To consider the report of the Director of Service Delivery, (copy enclosed).
Prior to consideration of this item of business the Chairman asked all parties present at the meeting to introduce themselves. The Chairman then sought confirmation that all present were in possession of and had read the report of the Director of Service Delivery along with Appendices A – C.
The Licensing Lead Officer outlined the application for a Premises Licence at Crouch Ridge Vineyards, Fambridge Road, Althorne, Nr Chelmsford, Essex, CM3 6BZ.
The Chairman then explained the procedures that would be followed and invited the Applicant, Mr Lonergan to make his opening statement.
Mr Lonergan provided background information regarding the establishment of the Crouch Ridge Vineyard (the Vineyard), its current business which consisted of online sales, sales through external events with limited supply to local businesses. Granting of the premise licence would enable the business to contribute to local tourism including generate employment etc. and sell wines direct from the premise. Members were informed that the Maldon District had been identified as one of the best areas for growing wine and Crouch Ridge Vineyards was one of a few vineyards that grew and created wines for sale within the District. Mr Lonergan outlined how they would promote the licensing objectives and noted that that the responsible authorities had not objected to the application.
The Chairman advised that there were no responsible authorities present and called on the interested parties wishing to speak to address the Committee, reminding them that points raised must relate to licensing matters.
Mr Inkpen referred to the vineyard being an asset to the village but there was a need to balance commercial aspects with the desires of villagers. When referring to planning permission, he was reminded by the Chairman that planning was an entirely separate matter and not for this Committee to consider. Mr Inkpen continued referring to the commercialisation of the site being an ongoing nuisance and how the increase in parking would impact on the prevention of public nuisance and referred to a number of points within the Officers’ report and appendices. Mr Inkpen commented on the number of increased entries and exits onto the site which would cause problems on the B1010. In response to these and other points raised by Mr Inkpen, the Council’s Solicitor advised Members that legally the only point they could consider was public nuisance as no evidence or statistics had been put forward and not all matters raised were relevant to the Sub-Committee.
At this point, Councillor M F L Durham declared an interest in this item of business as he had a personal licence along with considerable experience in the licensing trade. In response to questions raised by Mr Inkpen, Councillor Durham advised that the Designated Premises Supervisor (DPS) did not have to be on the premises, however the conduct of the premises fell under them, so it was their responsibility to ensure that staff had specific training etc. If the licence was granted, the opening hours would be as detailed on the application form. In respect of music, this was not included on the licence applied for, but Councillor Durham explained that for functions of 500 or less the provision of live or recorded music was not a licensable function.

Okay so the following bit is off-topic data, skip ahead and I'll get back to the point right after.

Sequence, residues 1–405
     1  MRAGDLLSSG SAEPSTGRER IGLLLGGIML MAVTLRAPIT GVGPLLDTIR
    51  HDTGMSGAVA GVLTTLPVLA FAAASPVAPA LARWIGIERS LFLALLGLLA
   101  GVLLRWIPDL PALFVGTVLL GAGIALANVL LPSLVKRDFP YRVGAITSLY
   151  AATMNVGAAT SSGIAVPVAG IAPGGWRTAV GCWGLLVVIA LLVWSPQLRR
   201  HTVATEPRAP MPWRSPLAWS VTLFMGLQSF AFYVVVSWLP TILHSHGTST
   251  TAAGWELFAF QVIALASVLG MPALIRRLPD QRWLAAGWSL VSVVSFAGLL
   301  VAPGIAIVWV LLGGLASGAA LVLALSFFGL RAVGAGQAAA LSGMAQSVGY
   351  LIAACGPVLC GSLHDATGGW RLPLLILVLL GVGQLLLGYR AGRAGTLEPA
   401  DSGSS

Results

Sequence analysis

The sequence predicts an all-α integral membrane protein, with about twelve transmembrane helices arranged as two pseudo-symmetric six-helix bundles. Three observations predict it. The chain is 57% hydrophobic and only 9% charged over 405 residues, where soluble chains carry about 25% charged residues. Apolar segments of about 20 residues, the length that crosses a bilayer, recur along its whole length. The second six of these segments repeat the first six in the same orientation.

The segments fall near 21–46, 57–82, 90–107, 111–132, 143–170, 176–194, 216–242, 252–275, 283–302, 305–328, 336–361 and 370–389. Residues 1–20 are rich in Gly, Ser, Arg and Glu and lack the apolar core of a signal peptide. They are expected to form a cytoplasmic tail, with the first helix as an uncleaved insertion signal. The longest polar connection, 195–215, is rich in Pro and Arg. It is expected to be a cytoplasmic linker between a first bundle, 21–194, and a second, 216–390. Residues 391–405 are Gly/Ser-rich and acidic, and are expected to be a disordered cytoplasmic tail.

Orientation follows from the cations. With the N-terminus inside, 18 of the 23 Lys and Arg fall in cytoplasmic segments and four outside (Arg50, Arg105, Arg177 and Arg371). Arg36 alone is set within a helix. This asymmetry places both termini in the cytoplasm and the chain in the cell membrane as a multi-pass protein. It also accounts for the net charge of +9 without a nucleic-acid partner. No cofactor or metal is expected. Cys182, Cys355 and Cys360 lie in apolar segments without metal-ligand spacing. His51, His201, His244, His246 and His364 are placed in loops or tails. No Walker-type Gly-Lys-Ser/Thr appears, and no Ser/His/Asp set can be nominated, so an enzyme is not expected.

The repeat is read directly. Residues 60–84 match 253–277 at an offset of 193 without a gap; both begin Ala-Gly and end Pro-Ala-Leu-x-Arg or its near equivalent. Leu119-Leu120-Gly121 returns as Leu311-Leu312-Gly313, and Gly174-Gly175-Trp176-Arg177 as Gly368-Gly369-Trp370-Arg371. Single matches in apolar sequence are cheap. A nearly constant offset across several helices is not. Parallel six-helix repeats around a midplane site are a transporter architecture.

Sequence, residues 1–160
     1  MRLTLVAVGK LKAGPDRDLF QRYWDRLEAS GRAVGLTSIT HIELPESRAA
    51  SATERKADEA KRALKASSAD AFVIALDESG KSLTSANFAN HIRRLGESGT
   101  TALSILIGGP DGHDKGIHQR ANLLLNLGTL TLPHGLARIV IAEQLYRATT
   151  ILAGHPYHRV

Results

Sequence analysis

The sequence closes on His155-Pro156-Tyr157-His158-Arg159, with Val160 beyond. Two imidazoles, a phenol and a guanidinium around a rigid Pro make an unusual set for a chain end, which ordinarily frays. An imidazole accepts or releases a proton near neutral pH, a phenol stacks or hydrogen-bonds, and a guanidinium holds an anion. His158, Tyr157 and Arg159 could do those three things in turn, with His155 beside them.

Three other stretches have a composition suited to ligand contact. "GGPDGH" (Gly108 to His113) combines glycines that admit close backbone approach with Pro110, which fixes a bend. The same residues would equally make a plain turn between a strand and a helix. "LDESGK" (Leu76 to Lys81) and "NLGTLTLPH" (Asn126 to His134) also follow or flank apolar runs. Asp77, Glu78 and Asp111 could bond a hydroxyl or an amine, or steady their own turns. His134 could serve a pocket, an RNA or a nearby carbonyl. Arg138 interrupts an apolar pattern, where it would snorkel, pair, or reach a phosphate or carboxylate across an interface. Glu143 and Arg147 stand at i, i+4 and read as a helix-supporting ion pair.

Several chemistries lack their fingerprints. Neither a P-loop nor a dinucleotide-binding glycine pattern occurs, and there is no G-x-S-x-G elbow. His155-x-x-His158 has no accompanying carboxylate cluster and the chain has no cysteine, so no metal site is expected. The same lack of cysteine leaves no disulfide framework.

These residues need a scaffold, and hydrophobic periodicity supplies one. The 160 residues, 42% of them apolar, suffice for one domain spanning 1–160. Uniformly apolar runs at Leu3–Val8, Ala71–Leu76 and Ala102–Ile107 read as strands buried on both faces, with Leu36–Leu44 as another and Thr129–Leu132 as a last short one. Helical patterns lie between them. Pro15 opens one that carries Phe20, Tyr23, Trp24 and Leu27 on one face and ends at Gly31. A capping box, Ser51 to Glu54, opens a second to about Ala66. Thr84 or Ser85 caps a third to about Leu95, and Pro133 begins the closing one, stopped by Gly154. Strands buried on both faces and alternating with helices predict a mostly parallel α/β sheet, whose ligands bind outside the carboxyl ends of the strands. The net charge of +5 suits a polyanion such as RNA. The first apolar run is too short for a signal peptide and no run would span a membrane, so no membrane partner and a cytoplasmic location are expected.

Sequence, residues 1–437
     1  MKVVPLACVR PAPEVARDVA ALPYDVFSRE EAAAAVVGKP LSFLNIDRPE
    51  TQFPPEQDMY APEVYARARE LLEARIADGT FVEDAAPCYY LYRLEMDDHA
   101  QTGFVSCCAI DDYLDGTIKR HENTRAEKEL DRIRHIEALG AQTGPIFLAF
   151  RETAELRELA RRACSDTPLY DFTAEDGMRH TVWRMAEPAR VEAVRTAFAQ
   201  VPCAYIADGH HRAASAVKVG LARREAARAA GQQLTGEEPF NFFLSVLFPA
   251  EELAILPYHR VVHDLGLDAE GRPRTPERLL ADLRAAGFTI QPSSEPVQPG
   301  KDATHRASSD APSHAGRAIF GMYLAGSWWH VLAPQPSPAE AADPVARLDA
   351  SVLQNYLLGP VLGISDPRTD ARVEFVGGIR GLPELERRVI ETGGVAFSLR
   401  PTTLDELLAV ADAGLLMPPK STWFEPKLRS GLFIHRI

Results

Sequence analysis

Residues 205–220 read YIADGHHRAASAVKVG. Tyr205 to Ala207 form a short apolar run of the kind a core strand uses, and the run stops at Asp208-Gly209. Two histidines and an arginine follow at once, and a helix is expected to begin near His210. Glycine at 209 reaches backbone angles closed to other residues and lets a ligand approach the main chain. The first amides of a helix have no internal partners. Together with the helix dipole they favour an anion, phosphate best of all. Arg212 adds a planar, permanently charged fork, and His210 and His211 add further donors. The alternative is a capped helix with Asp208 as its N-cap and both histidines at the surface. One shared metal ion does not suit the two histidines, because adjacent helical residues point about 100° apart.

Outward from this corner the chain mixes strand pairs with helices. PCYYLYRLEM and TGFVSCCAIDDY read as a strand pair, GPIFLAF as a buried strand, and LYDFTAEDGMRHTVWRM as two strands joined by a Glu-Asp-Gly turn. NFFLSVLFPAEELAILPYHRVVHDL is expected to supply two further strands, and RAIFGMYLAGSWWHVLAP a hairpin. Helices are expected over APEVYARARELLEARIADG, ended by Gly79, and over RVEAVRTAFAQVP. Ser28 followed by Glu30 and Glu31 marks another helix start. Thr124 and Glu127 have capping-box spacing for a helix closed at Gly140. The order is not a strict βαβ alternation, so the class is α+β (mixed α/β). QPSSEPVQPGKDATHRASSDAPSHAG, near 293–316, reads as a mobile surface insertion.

Dr Collins, another interested party, then addressed the Committee. Advising that she lived opposite the barn (the subject of this licence application), Dr Collins referred to the applied hours of opening and the possible number of events that would require Temporary Event Notices (TEN). Referring to previous events held shed advised Members that there had been issues with noise levels which had resulted in complaints being made to the Council’s Environmental Health Department. Dr Collins advised that the barn had no sound proofing to prevent disturbance to local residents during local events. The Chairman advised that this matter would be dealt with as part of the TEN application process. In response to a question, it was clarified that only the Police and Environmental Health would have the opportunity to comment on a TEN application. Dr Collins continued referring to the planned events, as detailed on the vineyard’s website, the proposed opening seven days a week and how a noise management plan could help to negate a lot of the residents’ concerns. She also referred to some other matters which the Chairman advised were not matters for consideration by the Sub-Committee.
In response to a comment raised by Dr Collins regarding notice of the hearing date, the Licensing Lead Officer confirmed that in accordance with legislation all requirements had been met. The Council’s Solicitor further advised that the requirements for signage and consultations were set out within regulations and these had been complied with.
The closing statement from the applicant followed, during which Mr Lonergan outlined how he felt the four licensing objectives had been met. He reported that he had taken sound recordings during the last two events held at the vineyard and during the peak time the noise was 87 decibels. Mr Lonergan explained how the vineyard was bringing something unique to the area, Althorne was a lovely village and they wanted to keep it that way. However, there would be more people visiting the area whether through visiting Crouch Ridge or other vineyards due to the Crouch Valley being singled out as a premier growing area.